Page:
The estimated increase in warming of the surface is given as 1W/m2 for a doubling of CO2 - so current estimates of the forcing are well within line with what we would expect considering we are still a considerable way off a doubling of CO2.
However remember that various feedbacks go into making up the IPCC estimate - and most of them have only just begun to take effect. Take for example the Methane shotgun which has only recently been observed to have started to have begun to accelerate. then there is reduced albedo associated with the rapid decline of the arctic sea ice.

What is currently happening is only of marginal interest to what is likely to happen in the next century when all of the factors come into play at full force.

Br Cornelius

Edited by Br Cornelius, 18 October 2012 - 07:08 PM.

I believe nothing, but I have my suspicions.

Robert Anton Wilson

#69    Little Fish

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Posted 18 October 2012 - 10:49 PM

View PostBr Cornelius, on 18 October 2012 - 04:52 PM, said:

The Surface Forcing is not the same as the Radiative forcing at the top of the atmosphere. The Surface forcing used by the IPCC is in broad agreement with what Pielke uses and is based upon Levitius study among others. You have proven nothing other than your lack of understanding.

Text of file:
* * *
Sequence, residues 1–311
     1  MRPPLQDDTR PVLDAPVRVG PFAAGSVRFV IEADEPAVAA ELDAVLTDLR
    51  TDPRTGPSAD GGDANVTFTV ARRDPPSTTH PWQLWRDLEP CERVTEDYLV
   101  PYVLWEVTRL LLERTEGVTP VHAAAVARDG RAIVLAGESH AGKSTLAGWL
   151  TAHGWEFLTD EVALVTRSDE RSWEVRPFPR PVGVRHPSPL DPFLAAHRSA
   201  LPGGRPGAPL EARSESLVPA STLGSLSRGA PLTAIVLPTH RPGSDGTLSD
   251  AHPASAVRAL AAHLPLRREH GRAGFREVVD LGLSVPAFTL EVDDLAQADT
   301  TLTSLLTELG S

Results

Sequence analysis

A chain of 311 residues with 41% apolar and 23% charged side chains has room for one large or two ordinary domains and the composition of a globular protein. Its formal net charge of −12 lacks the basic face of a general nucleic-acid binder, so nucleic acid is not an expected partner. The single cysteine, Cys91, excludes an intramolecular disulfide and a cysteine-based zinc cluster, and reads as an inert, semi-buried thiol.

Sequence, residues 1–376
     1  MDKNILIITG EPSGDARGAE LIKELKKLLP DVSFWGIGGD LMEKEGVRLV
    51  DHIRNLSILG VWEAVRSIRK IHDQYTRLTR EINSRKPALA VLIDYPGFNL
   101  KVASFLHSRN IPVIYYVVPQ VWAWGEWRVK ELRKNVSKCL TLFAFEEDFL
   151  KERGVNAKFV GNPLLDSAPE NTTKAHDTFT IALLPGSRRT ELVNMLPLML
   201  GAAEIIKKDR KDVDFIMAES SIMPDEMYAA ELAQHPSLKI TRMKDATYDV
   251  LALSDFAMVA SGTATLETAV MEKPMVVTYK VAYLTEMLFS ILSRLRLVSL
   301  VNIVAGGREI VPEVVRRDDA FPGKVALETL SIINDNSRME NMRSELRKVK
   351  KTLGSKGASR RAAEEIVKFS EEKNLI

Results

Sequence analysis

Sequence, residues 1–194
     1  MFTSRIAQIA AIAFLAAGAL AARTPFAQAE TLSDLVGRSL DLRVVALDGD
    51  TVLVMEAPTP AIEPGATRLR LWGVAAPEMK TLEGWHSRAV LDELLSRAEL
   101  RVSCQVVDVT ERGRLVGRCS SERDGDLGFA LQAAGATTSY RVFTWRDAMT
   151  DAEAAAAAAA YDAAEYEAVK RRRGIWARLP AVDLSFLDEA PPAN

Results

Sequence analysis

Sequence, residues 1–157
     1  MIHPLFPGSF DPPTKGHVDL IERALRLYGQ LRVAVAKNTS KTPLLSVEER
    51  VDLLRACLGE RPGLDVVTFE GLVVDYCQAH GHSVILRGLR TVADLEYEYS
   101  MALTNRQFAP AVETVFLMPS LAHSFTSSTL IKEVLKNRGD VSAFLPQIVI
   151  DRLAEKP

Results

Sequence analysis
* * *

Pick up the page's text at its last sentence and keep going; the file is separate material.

this is what Pielke and Levitus say to that:

"Assuming that there is a direct one-to-one comparison on annual timescales to TOA imbalance is not valid." - Gavin Schmitt

Gavin is in error as shown in the paper
Ellis et al. 1978: The annual variation in the global heat balance of the Earth. J. Geophys. Res., 83, 1958-1962

and as I have discussed in my paper
Pielke Sr., R.A., 2003: Heat storage within the Earth system. Bull. Amer. Meteor. Soc., 84, 331-335."

There is a direct relationship between ocean heat content changes and TOA radiative imbalances even on the annual time scale."
http://pielkeclimate...-gavin-schmidt/

and here is a chart showing a direct relationship between the TOA radiative imbalance and ocean heat content over an annual period as published by Levitus
Posted Image
http://pielkeclimate...al-jgr-1978.pdf


Quote

For a detailed explanation of the difference between radiative forcing and surface forcing;
that article is based on a study which itself is based on a model which is not based on actual observations based in reality. for actual observations of reality, see above.